Just six weeks before her wedding, Jennifer Ehren was diagnosed with breast cancer. During the whirlwind of doctor appointments that followed, the 33-year old scientist and researcher was told the aggressive chemotherapy regimen she would undergo could put her fertility at risk.  In other words, it was possible the treatment she received for her cancer could jeopardize her life-long dream of having a family.

“I was blown away. I knew that if I couldn’t have children, I would be devastated,” Ehren remembered. “My husband really wanted them too. It was at the top of our priority list to find a partner who wanted a family.”

Ehren turned to a local fertility group, Reproductive Partners-UCSD Regional Fertility Center, for help. Like a growing number of other young cancer patients, she decided on fertility preservation to maximize her options for the future. Fertility preservation –freezing a patient’s eggs or embryos before undergoing potentially damaging cancer treatments—gives women the opportunity to pursue In Vitro Fertilization (IVF) years later when they are healthy and cancer-free.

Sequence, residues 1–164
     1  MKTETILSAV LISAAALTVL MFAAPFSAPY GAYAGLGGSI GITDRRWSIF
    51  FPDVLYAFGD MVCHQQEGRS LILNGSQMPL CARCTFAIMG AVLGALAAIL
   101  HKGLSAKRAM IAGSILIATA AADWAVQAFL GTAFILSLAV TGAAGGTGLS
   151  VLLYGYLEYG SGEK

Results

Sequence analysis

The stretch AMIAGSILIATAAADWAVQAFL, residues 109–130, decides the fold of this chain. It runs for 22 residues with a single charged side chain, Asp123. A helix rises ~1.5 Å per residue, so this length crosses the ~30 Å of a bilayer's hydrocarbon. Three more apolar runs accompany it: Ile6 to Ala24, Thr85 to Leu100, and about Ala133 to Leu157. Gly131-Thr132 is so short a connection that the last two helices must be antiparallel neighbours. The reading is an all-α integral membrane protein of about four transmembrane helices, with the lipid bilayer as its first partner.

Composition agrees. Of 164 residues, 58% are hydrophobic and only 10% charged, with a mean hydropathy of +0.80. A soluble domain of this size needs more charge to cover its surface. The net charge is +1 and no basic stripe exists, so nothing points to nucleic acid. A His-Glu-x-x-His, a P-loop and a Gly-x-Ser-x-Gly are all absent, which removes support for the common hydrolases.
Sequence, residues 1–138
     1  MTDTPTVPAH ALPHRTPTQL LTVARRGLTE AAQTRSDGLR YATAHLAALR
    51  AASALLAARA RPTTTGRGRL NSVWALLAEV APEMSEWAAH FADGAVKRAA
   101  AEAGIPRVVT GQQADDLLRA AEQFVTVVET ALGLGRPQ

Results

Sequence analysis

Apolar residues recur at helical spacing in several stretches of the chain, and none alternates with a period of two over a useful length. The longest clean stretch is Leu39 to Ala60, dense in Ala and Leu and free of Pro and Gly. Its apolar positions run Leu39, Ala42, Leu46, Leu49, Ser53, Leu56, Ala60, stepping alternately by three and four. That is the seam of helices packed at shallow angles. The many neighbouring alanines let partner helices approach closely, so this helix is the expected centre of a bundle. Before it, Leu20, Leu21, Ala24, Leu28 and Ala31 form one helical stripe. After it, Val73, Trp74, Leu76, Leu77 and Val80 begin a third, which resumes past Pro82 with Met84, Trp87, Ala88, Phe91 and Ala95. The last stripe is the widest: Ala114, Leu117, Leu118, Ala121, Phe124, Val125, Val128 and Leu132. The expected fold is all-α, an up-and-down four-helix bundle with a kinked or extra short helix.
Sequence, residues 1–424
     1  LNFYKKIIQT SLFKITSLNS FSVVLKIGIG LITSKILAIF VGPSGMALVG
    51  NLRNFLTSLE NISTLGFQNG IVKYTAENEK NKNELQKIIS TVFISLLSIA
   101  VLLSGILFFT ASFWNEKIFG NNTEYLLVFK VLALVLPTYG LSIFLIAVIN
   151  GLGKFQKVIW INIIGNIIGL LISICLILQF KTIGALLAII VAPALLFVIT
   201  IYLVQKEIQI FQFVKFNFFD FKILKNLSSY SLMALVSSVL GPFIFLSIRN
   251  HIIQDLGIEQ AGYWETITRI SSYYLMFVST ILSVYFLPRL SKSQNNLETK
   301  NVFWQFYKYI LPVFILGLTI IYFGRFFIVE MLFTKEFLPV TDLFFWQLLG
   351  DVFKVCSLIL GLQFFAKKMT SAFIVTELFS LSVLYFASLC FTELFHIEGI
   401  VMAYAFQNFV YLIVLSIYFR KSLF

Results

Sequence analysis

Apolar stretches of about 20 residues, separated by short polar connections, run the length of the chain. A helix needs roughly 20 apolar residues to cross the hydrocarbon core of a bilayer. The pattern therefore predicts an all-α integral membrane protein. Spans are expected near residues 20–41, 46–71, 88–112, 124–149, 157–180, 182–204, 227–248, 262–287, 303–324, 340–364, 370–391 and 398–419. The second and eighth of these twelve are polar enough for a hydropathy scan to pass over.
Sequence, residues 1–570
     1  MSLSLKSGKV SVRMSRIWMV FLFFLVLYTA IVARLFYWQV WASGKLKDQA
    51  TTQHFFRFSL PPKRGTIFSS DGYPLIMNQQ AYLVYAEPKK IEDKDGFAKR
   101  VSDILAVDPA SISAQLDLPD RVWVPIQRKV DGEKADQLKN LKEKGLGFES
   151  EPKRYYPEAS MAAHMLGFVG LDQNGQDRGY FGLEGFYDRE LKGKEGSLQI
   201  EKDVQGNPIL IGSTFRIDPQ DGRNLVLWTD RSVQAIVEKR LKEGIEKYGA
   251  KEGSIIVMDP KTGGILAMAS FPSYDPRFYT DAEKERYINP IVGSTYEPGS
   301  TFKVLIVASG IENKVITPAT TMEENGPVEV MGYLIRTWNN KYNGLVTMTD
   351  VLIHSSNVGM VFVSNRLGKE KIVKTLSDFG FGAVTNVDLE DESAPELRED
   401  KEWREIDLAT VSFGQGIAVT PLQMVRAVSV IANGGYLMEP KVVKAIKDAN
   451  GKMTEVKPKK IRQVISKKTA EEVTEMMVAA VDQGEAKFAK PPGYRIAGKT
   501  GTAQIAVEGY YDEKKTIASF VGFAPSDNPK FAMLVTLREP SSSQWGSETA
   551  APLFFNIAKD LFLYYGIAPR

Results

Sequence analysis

“I was advised to try to get pregnant naturally first if my cycle ever returned. But we wanted as many options as possible to have kids post-chemo,” said Ehren. 

Chemotherapy, radiation and some surgeries can have devastating effects on a woman’s reproductive system. Cancer treatment often leads to infertility. Every year, more than 70,000 new cancers are diagnosed in people between the ages of 15 and 39.  

“Most of these cancer patients will survive the disease and go on to lead normal lives,” said Dr. Irene Su, a fertility specialist with Reproductive Partners and an Assistant Professor of Reproductive Medicine at the UC San Diego Health System. “If they are considering having families sometime in the future, freezing their eggs or embryos before starting cancer treatment is a good way to preserve their range of options.” 

Since patients must squeeze in fertility preservation between their diagnosis and treatment, it’s important for them to hear about their fertility risk as soon as possible.

“Although it’s a delicate subject, doctors need to tell patients right away,” warned Ehren. “There’s no turning back.” 

For more information, please visit their website at http://ucsandiegofertility.com.